MELISSA BLOCK, HOST:
Forty-six years ago, a man in Omaha, Neb., parked his 1953 Triumph Tiger motorcycle in his backyard. The next morning, it was gone - stolen.
AUDIE CORNISH, HOST:
Well, it turned up here in Southern California just a few weeks ago. The bike was inside a shipping container at the Port of Los Angeles. Where was it headed?
LOU KOVEN: It was going to Japan.
CORNISH: That's special agent Lou Koven. He investigates vehicle thefts for the National Insurance Crime Bureau.
BLOCK: Koven says the bureau ran the bike's vehicle ID number through its database, as it does for all soon-to-be exported vehicles. Sure enough, the motorcycle came up stolen from Nebraska in 1967. So Koven called Omaha Police.
KOVEN: I asked them - I said look, I'm kind of guessing here that you may not have this report, but I have to check. And the guy went on the computer, and he came back. He says yeah, we have a copy of it. I said, really? I was like, this is great.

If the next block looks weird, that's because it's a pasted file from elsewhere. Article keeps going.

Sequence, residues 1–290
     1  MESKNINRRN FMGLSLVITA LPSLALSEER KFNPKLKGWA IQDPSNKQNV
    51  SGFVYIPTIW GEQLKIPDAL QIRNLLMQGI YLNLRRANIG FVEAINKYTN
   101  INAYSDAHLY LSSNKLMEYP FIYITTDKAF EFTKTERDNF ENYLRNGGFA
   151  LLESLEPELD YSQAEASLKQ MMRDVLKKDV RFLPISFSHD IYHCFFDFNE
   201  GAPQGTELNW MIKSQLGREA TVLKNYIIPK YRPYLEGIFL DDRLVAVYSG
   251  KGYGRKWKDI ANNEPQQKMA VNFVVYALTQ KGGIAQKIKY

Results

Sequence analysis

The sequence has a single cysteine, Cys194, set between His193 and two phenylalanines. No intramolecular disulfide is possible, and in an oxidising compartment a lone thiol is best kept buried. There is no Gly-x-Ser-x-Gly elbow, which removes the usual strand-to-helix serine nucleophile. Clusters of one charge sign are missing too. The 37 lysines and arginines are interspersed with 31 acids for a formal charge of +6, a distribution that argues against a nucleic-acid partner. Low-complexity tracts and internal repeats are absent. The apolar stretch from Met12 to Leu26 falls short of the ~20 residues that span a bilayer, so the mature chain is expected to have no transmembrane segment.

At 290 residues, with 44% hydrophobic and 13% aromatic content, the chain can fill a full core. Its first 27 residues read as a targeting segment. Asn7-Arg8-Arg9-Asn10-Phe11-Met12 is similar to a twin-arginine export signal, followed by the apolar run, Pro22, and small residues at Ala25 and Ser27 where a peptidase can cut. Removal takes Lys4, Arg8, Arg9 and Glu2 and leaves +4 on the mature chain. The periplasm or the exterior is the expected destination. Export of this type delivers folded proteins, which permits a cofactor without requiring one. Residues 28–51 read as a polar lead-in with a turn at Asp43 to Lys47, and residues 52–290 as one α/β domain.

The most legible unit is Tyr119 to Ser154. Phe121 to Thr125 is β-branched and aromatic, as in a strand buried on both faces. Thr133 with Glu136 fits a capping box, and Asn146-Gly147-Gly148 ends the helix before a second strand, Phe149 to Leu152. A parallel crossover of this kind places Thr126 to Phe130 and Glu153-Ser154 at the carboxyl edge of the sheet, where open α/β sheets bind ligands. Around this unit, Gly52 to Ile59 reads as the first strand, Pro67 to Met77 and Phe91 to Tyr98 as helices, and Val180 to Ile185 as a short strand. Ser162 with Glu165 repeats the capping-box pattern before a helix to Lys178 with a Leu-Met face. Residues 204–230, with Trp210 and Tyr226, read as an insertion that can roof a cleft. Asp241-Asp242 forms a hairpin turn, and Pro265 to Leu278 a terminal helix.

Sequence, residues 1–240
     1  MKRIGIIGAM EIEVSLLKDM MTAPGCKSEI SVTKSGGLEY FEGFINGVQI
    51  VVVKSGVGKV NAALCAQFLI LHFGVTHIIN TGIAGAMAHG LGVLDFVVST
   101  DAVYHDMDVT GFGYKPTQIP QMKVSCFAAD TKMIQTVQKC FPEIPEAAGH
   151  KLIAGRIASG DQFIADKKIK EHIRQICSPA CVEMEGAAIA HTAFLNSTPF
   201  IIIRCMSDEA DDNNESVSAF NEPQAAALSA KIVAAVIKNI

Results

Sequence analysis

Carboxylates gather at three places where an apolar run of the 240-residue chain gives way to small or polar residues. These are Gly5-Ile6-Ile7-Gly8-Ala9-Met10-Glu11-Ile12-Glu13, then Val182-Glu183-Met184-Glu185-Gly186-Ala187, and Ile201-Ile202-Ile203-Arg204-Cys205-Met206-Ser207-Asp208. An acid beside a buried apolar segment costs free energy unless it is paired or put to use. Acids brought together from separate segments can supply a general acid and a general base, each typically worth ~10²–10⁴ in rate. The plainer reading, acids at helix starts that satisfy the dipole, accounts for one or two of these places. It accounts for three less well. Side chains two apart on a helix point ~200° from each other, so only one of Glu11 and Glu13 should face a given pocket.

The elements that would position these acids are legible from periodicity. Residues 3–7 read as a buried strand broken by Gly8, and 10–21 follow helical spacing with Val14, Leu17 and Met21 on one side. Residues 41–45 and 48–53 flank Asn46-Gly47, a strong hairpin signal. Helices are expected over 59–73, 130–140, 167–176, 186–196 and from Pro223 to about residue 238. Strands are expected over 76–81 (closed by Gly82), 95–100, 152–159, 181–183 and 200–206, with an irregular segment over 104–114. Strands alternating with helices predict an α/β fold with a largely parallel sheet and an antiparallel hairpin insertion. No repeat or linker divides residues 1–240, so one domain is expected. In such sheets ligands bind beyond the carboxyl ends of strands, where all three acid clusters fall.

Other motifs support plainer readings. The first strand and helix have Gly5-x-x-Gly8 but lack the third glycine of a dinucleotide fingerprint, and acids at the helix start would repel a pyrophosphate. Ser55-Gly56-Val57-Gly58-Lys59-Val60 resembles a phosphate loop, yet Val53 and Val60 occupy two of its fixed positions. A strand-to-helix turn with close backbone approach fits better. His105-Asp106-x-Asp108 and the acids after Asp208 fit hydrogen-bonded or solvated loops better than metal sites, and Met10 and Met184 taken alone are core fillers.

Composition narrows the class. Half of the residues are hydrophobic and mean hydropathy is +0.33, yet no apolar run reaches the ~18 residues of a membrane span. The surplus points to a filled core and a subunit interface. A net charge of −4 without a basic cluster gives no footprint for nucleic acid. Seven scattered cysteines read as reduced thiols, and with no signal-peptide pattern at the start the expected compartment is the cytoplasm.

CORNISH: Special Agent Koven then called the owner, who was skeptical. Koven says he had to send photos of the recovered bike, which was still in good shape.
KOVEN: Well, it was in beautiful condition. It - completely repainted, a black frame, a lot of chrome on it. It looked like it'd just come off the factory line.
BLOCK: Where the motorcycle has been all these years is a mystery. And for now, its owner's identity is also a mystery. He wishes to remain anonymous. Again, Lou Koven.
KOVEN: He's a 72-year-old man, and he currently does own some motorcycles - because he indicated to me that he still does ride. And he's very anxious about getting the motorcycle back.
CORNISH: And he will soon. The 1953 Triumph Tiger is on its way home to Nebraska.
(SOUNDBITE OF SONG, "BORN TO BE WILD")
CORNISH: This is NPR. Transcript provided by NPR, Copyright NPR.